jck
jck

I've been applying for positions for which I'm fully qualified. Yet, I still only get the form letters thanking me for applying and saying someone will contact me later if I am chosen for an interview. I have 15 years programming experience, and ten years of that is MS development tool Windows client development experience. Plus, I've done web, mainframe, etc., worked with more (R)DBMSes than I can remember, et. al. And it's not like I've applied for entry level stuff where I am over-qualified. I applied for even jobs where I am not fully qualified just to see if they were looking for someone a little short on skills so that they could lower their pay. I've even thought that maybe it had to do with me being out of state from the jobs I'm applying for, so I have gone so far as to personally talk to the HR department an write them that in my cover letters that I am willing to pay for my own relocation. I guess I need to learn to BS better, because being honest and factual about my experience is not getting me anywhere.

Justin James
Justin James

"One can't even work one's way up from the tech equivalent of the "mailroom" any longer." The current corporate mentality (not just for IT) is now, "if you are good in the mailroom, you need to stay in the mailroom because we can't be bothered to find someone to replace you if we move you out." My little birdie network tells me that the attitude used to be, "if you are good in the mailroom, we'll move you out because we need smart, hard working people in [job above the mailroom], and we'd rather roll the dice replacing you in a low value job like the mailroom, then taking our chances with an unknown entity in [job above the mailroom]." The joke is, the current outlook supposedly mitigates risk, but it creates *more* risk because you are bringing unknown outsiders into the high value jobs instead of the low value ones. Whatever they are teaching at business school should be illegal and have a street value. J.Ja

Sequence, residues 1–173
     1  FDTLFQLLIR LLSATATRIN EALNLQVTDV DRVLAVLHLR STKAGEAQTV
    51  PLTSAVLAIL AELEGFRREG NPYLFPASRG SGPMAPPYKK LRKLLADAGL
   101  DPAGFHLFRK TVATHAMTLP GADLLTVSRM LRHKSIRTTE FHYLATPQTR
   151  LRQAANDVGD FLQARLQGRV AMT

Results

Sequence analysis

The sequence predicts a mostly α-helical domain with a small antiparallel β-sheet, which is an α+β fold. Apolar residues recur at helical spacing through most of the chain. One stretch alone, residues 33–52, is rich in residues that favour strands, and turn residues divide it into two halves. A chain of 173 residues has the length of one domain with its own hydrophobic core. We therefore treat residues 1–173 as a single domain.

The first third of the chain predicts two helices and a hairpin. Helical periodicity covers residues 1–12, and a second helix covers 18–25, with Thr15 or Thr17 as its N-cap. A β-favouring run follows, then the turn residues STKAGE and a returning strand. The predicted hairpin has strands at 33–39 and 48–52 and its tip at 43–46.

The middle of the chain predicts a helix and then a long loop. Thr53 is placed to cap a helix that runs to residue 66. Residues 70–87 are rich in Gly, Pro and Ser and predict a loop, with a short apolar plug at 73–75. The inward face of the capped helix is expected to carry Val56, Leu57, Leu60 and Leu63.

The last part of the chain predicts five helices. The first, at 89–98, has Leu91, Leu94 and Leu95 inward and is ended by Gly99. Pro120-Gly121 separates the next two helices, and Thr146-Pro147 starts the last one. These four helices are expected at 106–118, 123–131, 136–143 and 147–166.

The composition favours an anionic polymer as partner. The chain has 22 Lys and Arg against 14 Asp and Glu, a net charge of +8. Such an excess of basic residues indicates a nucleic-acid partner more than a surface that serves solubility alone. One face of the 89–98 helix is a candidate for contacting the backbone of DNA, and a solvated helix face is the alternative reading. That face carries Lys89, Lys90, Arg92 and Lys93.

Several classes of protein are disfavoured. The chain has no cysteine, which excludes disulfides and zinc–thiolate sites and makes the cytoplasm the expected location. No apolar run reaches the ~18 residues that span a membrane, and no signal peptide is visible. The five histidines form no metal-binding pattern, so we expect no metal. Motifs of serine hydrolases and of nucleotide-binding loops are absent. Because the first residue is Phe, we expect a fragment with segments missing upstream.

apotheon
apotheon

The only way to really "break into the industry" these days is to never try. Do something else; write code for the love of writing code in your free time. If you're dedicated enough to it, enjoy it enough, and spend enough time on it, you can eventually either end up with your own business (probably almost by accident) based on code you've written for your own reasons, or end up with a strong open source development background that provides the experience needed to get a job at some company that isn't too badly hamstrung by its own ridiculous notions of bureaucratic suitability for employment. One can't even work one's way up from the tech equivalent of the "mailroom" any longer. All you can do, if you want to make a concerted, intentional effort to get into software development as a traditional career path starting from square one, is get a degree (any degree will do, really), become an open source or otherwise independent rockstar programmer with a fanbase of some sort, and schmooze your way into a job that way. That, or lie, but there's no way I'm going to recommend that to anyone. People who get jobs by lying about their experience actually make the problem worse for everybody else, including the other liars. They can go screw themselves.